Welcome to Adoring Emilia Clarke, the online home for all the Emilia Clarke fans. We will provide you news, photos, in-depth information, media, fun stuff and much more on our favorite english star! You probably recognize Emilia as Daenerys Taragaryen in HBO's Game of Thrones, or as Sarah Connor in the latest Terminator Genisys. Emilia will soon be seen on the big screen in the drama Me Before You, as Louisa Clark.

If you have any questions, concerns or comments, then do not hesitate to get in touch with me. I hope you will enjoy the site, and that you will return within the near future for all the latest on Emilia!
Archive for the ‘Television Series’ Category
Nicole   /   June 29, 2017   /   0 Comments

TIME – Game of Thrones’ Emilia Clarke thinks she has chemistry with the dragon she rides — even though in real life it’s a bright-green rig, a bit like a mechanical bull, that moves like the fictional, animated creature. Clarke explains their bond: “ You get a romantic couple onscreen, and chances are they’ve had sex… Half of that reason is that as an actor, you’re convincing yourself you’re in love with that person.”

Or that creature. Clarke’s bond with her beasts has helped Thrones soar — and helped her transcend jitters on her first major acting job. “I’m 5-ft.-nothing, I’m a little girl,” she says. “I’ve got the face of a chubby six-year-old. You walk onto set and you’re like, ‘Hey guys, I hope you like me! How can I help? What can I do? How can I be helpful?'” Perched on the dragon and empowered to “go crazy,” she says, her insecurities fall away: ” Hey, everybody! Now who’s shorty?! ”

Clarke spoke to TIME in January for our cover story on Game of Thrones, whose seventh season premieres July 16. Here’s an edited transcript of that conversation.

(Read the rest of the interview at the source)

Nicole   /   June 29, 2017   /   0 Comments

TIME – The battle for Westeros may be won or lost on the back of a lime green mechanical bull.

That’s what it looks like on a January Monday in Belfast, as Game of Thrones films its seventh season here. Certainly no one believes the dragons that have thrilled viewers of HBO’s hit series exist in any real sense. And yet it’s still somewhat surprising to see the British actor Emilia Clarke, who plays exiled queen Daenerys, straddling the “buck” on a soundstage at Titanic Studios, a film complex named after this city’s other famously massive export.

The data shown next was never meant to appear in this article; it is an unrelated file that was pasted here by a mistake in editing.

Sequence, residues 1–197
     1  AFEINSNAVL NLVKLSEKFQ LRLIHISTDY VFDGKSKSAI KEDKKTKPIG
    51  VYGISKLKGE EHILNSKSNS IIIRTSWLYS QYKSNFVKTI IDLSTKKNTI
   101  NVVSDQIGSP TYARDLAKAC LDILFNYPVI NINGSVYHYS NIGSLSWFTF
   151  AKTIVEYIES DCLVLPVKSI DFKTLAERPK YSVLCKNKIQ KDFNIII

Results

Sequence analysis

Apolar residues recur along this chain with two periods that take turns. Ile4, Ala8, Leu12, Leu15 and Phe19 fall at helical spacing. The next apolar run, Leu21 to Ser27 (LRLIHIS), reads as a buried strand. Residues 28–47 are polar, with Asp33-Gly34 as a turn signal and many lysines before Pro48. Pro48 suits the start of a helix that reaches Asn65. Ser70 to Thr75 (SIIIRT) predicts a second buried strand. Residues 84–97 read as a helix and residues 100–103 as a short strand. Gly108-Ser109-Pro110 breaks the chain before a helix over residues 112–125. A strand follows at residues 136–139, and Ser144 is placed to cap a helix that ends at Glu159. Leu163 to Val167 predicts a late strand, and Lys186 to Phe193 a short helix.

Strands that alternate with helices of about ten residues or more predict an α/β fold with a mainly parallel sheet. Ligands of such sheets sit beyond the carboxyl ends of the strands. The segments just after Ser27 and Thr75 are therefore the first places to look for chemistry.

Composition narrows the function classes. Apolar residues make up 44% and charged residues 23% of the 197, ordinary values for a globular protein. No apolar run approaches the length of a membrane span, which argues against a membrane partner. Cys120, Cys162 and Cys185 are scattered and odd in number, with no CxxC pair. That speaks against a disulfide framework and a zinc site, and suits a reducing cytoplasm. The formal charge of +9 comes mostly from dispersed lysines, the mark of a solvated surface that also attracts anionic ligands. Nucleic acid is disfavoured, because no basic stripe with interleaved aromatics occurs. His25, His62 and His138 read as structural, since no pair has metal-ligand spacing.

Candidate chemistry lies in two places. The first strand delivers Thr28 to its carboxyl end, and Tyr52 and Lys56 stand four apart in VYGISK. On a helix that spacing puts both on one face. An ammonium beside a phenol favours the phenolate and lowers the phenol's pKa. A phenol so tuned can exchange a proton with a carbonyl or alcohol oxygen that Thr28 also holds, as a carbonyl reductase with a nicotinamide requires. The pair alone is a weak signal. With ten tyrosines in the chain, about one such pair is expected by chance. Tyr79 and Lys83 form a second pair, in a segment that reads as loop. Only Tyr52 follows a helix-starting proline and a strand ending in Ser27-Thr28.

The machine under Clarke looks like a big pommel horse and moves in sync with a computer animation of what will become a dragon. Clarke doesn’t talk much between takes. Over and over, a wind gun blasts her with just enough force to make me worry about the integrity of her ash blond wig. (Its particular color is the result of 2½ months’ worth of testing and seven prototypes, according to the show’s hair designer.) Over and over, Clarke stares down at a masking-tape mark on the floor the instant episode director Alan Taylor shouts, “Now!” Nearby, several visual-effects supervisors watch on monitors.

Clarke and I talk in her trailer before she heads to the soundstage, at the beginning of what is to be a long week inhabiting a now iconic character. Behind the scenes it’s more toil than triumph, though. The show’s first season ended with Daenerys’ hatching three baby dragons, each the size of a Pomeranian. They’ve since grown to the size of a 747. “I’m 5-ft.-nothing, I’m a little girl,” she says. “They’re like, ‘Emilia, climb those stairs, get on that huge thing, we’ll harness you in, and then you’ll go crazy.’ And you’re like, ‘Hey, everybody! Now who’s shorty?!’”

She has reason to feel powerful. On July 16, Clarke and the rest of the cast will begin bringing Thrones in for a landing with the first of its final 13 episodes (seven to air this summer, six to come later). Thrones, a scrappy upstart launched by two TV novices in 2011, will finish its run as the biggest and most popular show in the world. An average of more than 23 million Americans watched each episode last season when platforms like streaming and video on demand are accounted for. And since it’s the most pirated show ever, millions more watch it in ways unaccounted for. Thrones, which holds the record for most Emmys ever won by a prime-time series, airs in more than 170 countries. It’s the farthest-reaching show out there—not to mention the most obsessed-about.

(Read the rest of the article at the source)

Magazine Scans > 2017 – TIME (July 10-17) [+1]
Photoshoots & Portraits > 2017 – TIME [+1]
Nicole   /   June 28, 2017   /   0 Comments